Tropic of Orange network image

The characters at the center of the graph are the primary characters. The thicker the connecting line, the more each character interacted with the other.

What would Robinson Crusoe’s network look like?

What would Crusoe’s Pinterest Board look like?

Adeline Koh from “Introducing Digital Humanities Work to Undergraduates” argues that “you and your students are all already digital humanists, because you all use technology in your daily lives.” Although there may be a sharper divide between digital humanists work and just simply using technology, she does make a point that we may be more organically accustom to using DH tools than we are aware of.

Koh gives multiple examples of incorporating DH tools in the classroom for beginners, such as Wordle, Google maps, and Wikipedia.

In addition to these ideas, another engaging activity for undergraduates would be Pinterest. For example, what would Robinson Crusoe’s Pinterest board look like? What would he pin?

Taking this idea a step further; it’s one level of engagement to ask a student to pin things on Pinterest. It’s another to ask them to give adequate explanations or support from the text to help explain why Crusoe would pin certain items.

Works Cited:

Koh, Adeline. 14 Aug 2014. Web. 15 Feb 2016. “Introducing Digital Humanities Work to Undergraduates.”


Storm Clouds and Word Clouds

Ever wish you could create a beautiful visualization of your favorite book? See the most frequent words in a magazine article? Well you can using Wordle, a free online visualization tool. Paste in the text of your choice or link it to a site with an RSS feed and hit go. Check out some of the neat examples on their front page (the featured image for this post is a cloud of the most common crossword answers in the Guardian).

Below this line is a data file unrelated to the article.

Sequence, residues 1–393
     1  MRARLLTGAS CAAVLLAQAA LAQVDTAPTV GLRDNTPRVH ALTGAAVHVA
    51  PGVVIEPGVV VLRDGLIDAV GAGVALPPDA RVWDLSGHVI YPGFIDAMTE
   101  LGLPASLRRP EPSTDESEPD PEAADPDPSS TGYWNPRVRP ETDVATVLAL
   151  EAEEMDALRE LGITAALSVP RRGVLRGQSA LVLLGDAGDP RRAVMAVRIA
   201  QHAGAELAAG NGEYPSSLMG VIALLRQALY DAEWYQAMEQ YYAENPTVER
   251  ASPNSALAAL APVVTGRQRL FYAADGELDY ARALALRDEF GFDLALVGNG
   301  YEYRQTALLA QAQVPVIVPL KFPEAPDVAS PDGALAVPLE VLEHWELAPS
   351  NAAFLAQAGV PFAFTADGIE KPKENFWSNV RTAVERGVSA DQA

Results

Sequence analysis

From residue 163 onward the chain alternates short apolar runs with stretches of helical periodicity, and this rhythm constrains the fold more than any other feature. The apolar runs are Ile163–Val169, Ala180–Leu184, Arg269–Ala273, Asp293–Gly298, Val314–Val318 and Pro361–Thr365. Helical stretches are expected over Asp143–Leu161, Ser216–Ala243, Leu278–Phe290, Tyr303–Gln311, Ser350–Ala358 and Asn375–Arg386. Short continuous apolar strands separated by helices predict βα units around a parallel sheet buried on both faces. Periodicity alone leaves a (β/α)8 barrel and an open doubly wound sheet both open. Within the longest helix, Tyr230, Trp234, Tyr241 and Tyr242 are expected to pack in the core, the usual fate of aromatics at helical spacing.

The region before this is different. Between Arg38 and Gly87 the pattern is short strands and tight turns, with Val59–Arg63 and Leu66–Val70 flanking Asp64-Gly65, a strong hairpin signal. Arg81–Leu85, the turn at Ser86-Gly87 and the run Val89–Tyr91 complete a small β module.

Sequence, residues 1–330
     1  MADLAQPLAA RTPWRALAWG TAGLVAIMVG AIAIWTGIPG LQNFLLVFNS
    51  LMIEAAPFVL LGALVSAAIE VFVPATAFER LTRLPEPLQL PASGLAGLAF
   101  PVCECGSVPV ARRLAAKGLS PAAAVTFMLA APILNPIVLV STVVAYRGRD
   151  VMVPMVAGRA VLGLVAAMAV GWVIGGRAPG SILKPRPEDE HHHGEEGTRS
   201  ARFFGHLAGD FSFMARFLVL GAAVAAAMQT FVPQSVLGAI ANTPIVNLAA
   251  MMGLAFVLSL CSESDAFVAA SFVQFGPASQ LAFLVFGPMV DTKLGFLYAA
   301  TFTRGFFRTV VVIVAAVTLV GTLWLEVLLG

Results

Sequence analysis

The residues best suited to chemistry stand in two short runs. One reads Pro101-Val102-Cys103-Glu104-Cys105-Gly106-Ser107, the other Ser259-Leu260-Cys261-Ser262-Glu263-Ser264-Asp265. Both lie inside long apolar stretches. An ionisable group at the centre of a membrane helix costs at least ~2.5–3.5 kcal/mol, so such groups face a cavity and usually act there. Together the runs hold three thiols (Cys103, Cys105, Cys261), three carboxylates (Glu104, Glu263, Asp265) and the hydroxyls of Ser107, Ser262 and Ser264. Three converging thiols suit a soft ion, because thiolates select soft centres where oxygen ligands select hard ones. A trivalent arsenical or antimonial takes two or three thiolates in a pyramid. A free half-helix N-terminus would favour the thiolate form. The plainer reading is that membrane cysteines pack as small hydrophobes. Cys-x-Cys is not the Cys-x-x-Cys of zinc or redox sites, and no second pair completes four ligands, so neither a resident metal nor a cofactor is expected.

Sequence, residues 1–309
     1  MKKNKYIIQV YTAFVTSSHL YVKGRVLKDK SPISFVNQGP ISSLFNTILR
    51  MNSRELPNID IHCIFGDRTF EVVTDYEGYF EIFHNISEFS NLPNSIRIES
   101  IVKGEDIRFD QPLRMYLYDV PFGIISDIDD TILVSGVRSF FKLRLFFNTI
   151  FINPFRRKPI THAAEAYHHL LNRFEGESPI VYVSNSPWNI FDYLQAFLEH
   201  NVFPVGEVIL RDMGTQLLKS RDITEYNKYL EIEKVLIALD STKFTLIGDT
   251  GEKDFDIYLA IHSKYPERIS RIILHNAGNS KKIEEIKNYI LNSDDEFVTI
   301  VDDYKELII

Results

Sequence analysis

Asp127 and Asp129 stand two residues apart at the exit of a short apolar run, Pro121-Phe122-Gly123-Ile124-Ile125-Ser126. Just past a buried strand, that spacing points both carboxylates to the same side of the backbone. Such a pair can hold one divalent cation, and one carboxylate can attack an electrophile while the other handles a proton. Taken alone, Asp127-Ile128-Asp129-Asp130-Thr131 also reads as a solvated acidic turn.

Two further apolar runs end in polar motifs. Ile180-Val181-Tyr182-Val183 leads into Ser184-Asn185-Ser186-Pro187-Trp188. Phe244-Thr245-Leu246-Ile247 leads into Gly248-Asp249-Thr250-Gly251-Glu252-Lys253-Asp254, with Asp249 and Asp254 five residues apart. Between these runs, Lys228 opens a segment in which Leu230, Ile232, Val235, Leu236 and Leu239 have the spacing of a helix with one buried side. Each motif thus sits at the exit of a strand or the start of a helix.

Imagine using this tool to get a sense of the most common weather references in Frankenstein or Robinson Crusoe.

Google Lit Trips

This digital tool allows you to trace the journey of characters in literature on the surface of Google Earth. Pop-up placemarks along the way provide resources such as related media and links to supplementary information. All that’s required is registration on the site and a download of Google Earth. The website also allows you to request Lit Trips that haven’t been created yet. Certainly an intriguing tool for any teacher looking for a new way to visualize narrative for their students.

Woolf Online: Accessing Archives Digitally